Decreases in seed stitch - please help

I'm working a seed stitch sleeve in the round from the shoulder to the cuff, which means that I have to decrease stitches every few rows. I've frogged the @*#$% thing three times today because I just can't get the decreases right.

I gave up in disgust, the first time I ever been defeated by a technique, and am having trouble finding a solution to anything similar by searching on the web.

My pattern goes round-and-round like this:

Row 1: k1, p1, k1, p1, k1, p1, etc;
Row 2: p1, k1, p1, k1, p1, k1, etc.

Every 6th row I want to decrease four adjacent stitches down to two, making the decreases as unobtrusive as possible.

However hard I try the decreases look dreadful, uneven and just plain dumb. I can't work out when and whether to SSK, SSP, K2tog or p2tog. In fact, it looks like my cat had had a go while I wasn't looking.

Is there a really, REALLY smart guy (or gal) out there who can put me right?

ronhuber's picture

I am sure you are making your decreases either side of an imaginary line that runs down the underside of your sleeve. All decreases will be obvious but they are in an area of the sweater that is practically unseen. I would make them lean into each other and have one stitch between the decreases. You could make them a design feature and do them on a field of 6 stitches in stockinette or reverse stockinette. They are going to be even more obvious in the pattern you have chosen because you will always be knitting two stitches together (or ssk) one of which is a purl and one of which is a knit.

Britisher's picture

Thanks for that, yes, I'm realising that there is going to be no prefect fit to decrease in seed stitch. It's a real shame, because my original idea was to do the sleeves of this sweater cuff-up and the increases worked just fine, just a shame the didn't actually fit the arm-holes on the body.

Marknits's picture

If I read your posting correctly, there is no center stitch between the decreases... so you either have 4 stitches that are KPKP or PKPK to decrease right next to each other.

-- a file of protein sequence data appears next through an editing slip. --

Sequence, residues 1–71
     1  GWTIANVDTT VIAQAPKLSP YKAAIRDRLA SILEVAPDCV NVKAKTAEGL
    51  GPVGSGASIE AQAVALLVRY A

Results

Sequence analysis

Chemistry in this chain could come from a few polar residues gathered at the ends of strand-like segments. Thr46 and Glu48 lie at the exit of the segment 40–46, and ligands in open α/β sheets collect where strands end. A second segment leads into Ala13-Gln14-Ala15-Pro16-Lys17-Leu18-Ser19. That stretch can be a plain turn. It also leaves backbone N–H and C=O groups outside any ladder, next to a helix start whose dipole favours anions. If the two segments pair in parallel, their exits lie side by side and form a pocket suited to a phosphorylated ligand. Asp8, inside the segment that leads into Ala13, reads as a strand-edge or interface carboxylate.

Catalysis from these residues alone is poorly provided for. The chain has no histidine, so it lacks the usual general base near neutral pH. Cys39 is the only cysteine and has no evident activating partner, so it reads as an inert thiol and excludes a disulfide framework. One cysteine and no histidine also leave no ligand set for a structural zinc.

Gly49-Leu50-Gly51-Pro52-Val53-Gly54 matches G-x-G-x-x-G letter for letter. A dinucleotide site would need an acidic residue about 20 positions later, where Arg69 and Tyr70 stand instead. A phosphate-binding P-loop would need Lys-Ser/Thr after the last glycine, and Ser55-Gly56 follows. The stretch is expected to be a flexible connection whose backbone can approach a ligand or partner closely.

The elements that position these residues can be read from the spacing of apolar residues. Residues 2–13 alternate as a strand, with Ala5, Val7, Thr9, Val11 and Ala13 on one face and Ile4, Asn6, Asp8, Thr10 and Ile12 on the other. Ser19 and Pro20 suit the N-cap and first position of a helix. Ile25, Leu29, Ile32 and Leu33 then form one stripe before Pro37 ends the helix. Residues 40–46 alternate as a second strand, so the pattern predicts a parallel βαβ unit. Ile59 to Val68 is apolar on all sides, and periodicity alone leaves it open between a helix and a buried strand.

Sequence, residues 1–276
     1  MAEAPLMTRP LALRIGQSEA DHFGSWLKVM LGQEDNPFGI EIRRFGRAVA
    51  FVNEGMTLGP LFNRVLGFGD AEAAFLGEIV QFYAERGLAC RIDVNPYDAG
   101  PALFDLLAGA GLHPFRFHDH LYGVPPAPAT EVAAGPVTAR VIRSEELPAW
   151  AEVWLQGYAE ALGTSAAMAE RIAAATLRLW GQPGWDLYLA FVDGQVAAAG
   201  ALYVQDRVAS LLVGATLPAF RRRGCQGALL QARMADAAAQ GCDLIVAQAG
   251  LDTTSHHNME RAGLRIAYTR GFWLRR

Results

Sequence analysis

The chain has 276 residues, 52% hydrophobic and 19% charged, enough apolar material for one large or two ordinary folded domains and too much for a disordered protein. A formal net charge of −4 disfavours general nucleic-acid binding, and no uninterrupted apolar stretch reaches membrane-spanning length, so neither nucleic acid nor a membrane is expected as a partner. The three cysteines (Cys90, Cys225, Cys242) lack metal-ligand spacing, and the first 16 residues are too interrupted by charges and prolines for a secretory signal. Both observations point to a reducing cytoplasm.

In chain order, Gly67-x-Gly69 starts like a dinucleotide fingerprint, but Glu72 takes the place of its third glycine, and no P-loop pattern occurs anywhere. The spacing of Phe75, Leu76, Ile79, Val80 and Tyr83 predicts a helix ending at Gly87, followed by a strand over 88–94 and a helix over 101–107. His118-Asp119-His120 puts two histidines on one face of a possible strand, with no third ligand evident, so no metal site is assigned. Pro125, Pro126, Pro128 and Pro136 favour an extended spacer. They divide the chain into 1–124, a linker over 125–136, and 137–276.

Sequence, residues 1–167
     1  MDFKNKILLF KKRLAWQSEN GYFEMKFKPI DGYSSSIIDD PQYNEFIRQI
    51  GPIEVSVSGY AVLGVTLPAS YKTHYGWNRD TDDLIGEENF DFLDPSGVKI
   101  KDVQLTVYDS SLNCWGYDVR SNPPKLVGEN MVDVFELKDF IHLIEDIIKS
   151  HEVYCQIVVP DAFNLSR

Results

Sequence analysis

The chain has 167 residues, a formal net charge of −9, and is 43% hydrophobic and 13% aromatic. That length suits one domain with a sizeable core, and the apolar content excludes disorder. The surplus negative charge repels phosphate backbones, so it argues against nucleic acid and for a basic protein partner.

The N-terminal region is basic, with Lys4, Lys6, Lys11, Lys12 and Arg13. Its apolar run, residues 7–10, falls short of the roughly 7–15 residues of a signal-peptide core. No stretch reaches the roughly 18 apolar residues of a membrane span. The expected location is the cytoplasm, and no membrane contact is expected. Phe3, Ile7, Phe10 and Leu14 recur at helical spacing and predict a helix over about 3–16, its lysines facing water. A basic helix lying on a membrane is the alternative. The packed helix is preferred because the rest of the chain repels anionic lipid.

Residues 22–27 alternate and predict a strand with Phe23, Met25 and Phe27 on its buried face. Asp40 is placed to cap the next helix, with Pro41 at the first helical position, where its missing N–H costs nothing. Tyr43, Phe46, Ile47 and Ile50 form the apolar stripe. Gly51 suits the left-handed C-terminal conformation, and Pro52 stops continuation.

If this is correct, then:

If your stitches would be KPKP in this row if you weren't going to decrease, then you will want to SSK, then SSP.

If they would be PKPK if you weren't decreasing, then you will want to P2tog, then K2tog.

This way they will fold to the imaginary seam line between stitches and keep the seed stitch pattern uninterrupted.

In other words, you start with a left leaning decrease that is the same as the first stitch you would make, then do a right leaning decrease that would be the last of the four stitches you would make. this keeps the outer two stitches in pattern and swallows the inner two stitches.

at least I think this is what you were asking.

Joyful knitting,

Britisher's picture

Hey Mark, you got what I was trying to achieve just right. Many thanks for the advice. I'll try and swatch this one tonight to see how it goes. With the problems I've had with these sleeves, swatching seems preferable to any more frogging back. Suggestion much appreciated.

Marknits's picture

I take that back

The SSK is paired with the P2tog and the SSP is paired with the K2tog....


Joyful knitting

Britisher's picture

Ok, am trying these out. Any other suggestions gratefully received.

thairapist's picture

I recently did a seed stitch sleeve and there is no perfect way to accomplish this that i have found. However one of the ideas i did have was to put a phony seam down with two purl stitches and do my decreases to that and then it never was noticed. I generally put a phony seam down all my sweaters and sleeves. It make it easier to keep track of the side of the sweater, makes it easier to fold the sweater and the sweater just hangs better down the side instead of bulging.
Happy stitches

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